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Everything You Need to Know About Melting Ice Caps  

Jane Marsh - November 10, 2022

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Earth is currently losing 1.2 trillion tons of ice a year. As temperatures rise this trend could continue. Here is everything you need to know about melting ice caps. 

Why Are they Melting?

Human activities, such as manufacturing, are the main cause of melting ice caps. When carbon dioxide and other greenhouse gasses are emitted, it raises the temperature. As the gasses take in infrared energy they remit it in all directions. Then half of this returns to earth as heat. The warmth then lowers the temperature at the poles. 

How Does This Impact Us? 

As the ice caps melt it raises sea levels, which increase coastal erosion and storm surges. In fact, the global sea mean level has risen 8-9 inches since 1880. This can lead to excess flooding and leave coastal towns vulnerable. Here are some more ways melting ice caps impact our community. 

1. Higher Temperatures

The Arctic and Antarctica help to cool down the earth. The snow and ice reflect heat into space. With less ice more heat remains on earth, raising temperatures and leading to heatwaves worldwide. The rising temperatures also disturb the wind systems causing colder winters. These extreme temperatures can be harmful to humans and wildlife. 

2. Disruption of the Agricultural System 

Unpredictable weather can damage crops, leading to a food shortage. Another issue is higher temperatures spoil food and limit water resources. In addition, there may be a spike in prices due to a lower supply.  In 2021, food prices increased up to 7% from December. Climate change impacts are also seen in terms of food transportation. Severe storms can make this process unsafe. 

3. Shipping Issues

The melting of ice caps will open up new shipping routes in the Arctic. While this seems like a good thing, it may be dangerous. The ice is thicker and stronger, making it more challenging for sailors to navigate. Being in unsafe water then makes any shipwrecks or oil spills harder to take care of. 

4. Wildlife Endangerment

Marine animals, such as polar bears and walruses, that depend on the ice for survival are in danger. Other species that depend on polar bears, including humans, are impacted as well. Plus, rising sea levels harm wildlife outside the Arctic. Besides animals, algae and phytoplankton populations are declining faster. 

5. Increase in Permafrost

Permafrost is when the ground is permanently frozen. It stores lots of methane and when released increases global warming. In turn, this causes more ice to melt and continues the cycle. Methane can also decrease air quality, cause health issues, and lower crop yields. 


How to Stop Melting Ice Caps

The melting of ice caps can create problems for humans and animals. The process is mainly caused by the emission of greenhouse gasses. Here are some things you can do to help reduce the problem. 

1. Lower Your Electricity Usage 

You use about 893 kWh of electricity per month. This can come from charging your electronics or powering your lights. However, electricity produces the second-largest share of greenhouse gas emissions. Therefore, consider reducing your daily consumption. 

Here are some tips to get you started:

  • Unplug your computer at night
  • Switch to LED bulbs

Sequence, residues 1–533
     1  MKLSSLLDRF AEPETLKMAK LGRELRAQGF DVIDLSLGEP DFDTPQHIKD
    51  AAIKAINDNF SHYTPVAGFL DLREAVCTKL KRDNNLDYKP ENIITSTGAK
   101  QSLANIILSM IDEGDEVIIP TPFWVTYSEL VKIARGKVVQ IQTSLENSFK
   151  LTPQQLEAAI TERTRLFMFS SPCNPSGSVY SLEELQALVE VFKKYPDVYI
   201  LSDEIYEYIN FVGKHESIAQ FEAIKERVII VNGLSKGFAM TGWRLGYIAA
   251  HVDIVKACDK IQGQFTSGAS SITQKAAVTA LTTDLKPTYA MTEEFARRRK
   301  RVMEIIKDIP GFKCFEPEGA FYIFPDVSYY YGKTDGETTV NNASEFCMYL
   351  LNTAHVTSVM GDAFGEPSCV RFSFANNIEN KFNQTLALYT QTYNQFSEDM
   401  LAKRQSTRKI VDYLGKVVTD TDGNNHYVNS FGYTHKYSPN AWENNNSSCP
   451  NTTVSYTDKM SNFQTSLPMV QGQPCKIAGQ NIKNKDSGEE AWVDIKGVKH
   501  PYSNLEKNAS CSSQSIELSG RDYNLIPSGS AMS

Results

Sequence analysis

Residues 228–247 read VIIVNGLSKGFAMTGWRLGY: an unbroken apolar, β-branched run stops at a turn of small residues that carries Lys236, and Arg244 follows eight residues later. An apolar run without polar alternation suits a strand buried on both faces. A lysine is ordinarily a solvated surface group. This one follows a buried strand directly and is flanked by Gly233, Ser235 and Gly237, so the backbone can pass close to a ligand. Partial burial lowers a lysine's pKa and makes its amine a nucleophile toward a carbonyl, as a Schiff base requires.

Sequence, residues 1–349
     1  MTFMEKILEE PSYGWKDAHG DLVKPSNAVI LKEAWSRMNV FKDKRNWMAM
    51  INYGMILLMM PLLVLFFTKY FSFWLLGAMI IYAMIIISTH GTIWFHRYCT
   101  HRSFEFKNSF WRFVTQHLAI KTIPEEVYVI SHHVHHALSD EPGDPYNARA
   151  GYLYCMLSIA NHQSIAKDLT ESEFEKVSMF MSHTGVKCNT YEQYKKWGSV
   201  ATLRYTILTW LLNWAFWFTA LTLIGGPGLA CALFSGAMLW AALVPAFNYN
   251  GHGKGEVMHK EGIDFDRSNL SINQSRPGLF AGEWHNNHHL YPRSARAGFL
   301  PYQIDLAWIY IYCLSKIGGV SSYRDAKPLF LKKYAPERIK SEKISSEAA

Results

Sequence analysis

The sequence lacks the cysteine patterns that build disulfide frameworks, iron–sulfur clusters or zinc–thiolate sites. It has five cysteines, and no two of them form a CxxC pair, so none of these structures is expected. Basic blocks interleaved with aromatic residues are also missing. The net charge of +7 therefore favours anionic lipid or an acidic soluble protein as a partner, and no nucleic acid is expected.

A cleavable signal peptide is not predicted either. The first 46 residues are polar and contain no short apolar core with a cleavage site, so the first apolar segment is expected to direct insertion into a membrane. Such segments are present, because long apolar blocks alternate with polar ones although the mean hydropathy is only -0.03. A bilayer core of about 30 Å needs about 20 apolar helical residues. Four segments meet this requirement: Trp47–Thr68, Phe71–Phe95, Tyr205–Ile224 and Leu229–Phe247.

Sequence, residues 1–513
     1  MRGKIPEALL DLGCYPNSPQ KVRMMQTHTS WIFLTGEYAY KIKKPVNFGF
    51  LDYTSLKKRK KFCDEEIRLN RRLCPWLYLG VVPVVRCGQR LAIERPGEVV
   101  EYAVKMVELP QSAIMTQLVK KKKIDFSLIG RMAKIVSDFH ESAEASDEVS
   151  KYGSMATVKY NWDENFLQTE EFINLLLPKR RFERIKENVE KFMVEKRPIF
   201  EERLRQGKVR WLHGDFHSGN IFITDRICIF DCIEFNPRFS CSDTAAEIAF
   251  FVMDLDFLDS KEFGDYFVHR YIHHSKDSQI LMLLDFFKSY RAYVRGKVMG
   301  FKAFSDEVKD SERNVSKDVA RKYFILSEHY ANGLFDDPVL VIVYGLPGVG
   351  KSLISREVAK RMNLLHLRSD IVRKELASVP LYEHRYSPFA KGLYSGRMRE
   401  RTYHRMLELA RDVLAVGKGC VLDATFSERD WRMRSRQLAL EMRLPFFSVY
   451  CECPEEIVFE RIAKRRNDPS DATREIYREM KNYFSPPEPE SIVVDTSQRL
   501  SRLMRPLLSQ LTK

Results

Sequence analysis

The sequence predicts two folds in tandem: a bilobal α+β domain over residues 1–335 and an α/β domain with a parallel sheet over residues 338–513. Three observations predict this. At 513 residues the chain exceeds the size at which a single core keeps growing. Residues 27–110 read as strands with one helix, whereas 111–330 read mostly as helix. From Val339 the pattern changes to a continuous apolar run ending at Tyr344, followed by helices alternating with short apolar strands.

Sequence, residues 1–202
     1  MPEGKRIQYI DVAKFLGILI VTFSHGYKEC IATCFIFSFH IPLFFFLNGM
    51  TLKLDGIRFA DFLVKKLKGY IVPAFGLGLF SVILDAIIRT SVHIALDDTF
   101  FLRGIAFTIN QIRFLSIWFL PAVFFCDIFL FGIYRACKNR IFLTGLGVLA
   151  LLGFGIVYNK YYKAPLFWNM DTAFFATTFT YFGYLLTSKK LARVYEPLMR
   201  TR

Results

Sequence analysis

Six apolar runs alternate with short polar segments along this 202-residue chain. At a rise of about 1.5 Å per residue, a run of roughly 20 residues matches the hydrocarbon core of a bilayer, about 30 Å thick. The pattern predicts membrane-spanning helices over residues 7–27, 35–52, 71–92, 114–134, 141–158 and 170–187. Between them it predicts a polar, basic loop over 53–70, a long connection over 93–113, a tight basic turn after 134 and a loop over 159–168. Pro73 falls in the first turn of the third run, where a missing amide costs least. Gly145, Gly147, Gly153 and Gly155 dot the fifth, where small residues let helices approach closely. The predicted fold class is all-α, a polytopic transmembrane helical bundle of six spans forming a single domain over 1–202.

• Let in natural light
  • Turn off lights when you’re not using them
  • Buy energy-efficient appliances 

2. Switch to Clean Energy 

We burn fossil fuels for energy used to heat homes and cook. However, these emit greenhouse gasses and waste valuable resources. Therefore, consider switching to clean energy sources, such as solar wind. For example, you could install solar panels on your roof. Besides the environmental benefits, the switch can increase jobs and preserve natural resources. 

3. Reduce Your Driving Mileage and Take Public Transportation 

Cars emit about three billion metric tons of carbon dioxide. So, try to drive less whenever you can. In addition, use public transportation or carpool. This will also save you money on gas. If you do drive, consider replacing your engine with a hybrid model. These have a combustion engine and an electric motor, which is better for the environment. It also runs cleaner and has better gas mileage. 

4. Plant More Trees 

Trees absorb about 48 pounds of carbon dioxide. So, they can help to reduce greenhouse gas emissions. Also, they can provide shade and enhance the curb appeal of an area. Therefore, consider planting more trees in your yard or local community garden. Another fun idea is to participate in the arbor day tradition with your family.  

5. Reduce Your Plastic Consumption

About 60% of plastic ends up in landfills. These then take years to decompose and release greenhouse gasses. Some of it is even carried into the ocean where it can harm marine life. Therefore, try to use less plastic daily. For example, invest in a reusable water bottle. Another good idea is to bring cloth bags when you go shopping. 

The Truth About Melting Ice Caps

Climate change is currently a trending topic. One of its impacts is melting ice caps due to greenhouse gas emissions. Much of this comes from human activities, such as construction.  So, take steps to reduce your carbon footprint, such as switching to clean energy and using less plastic. This change won’t happen overnight but it can go faster if we all work together to solve the problem. 


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About the author

Jane Marsh

Starting from an early age, Jane Marsh loved all animals and became a budding environmentalist. Now, Jane works as the Editor-in-Chief of Environment.co where she covers topics related to climate policy, renewable energy, the food industry, and more.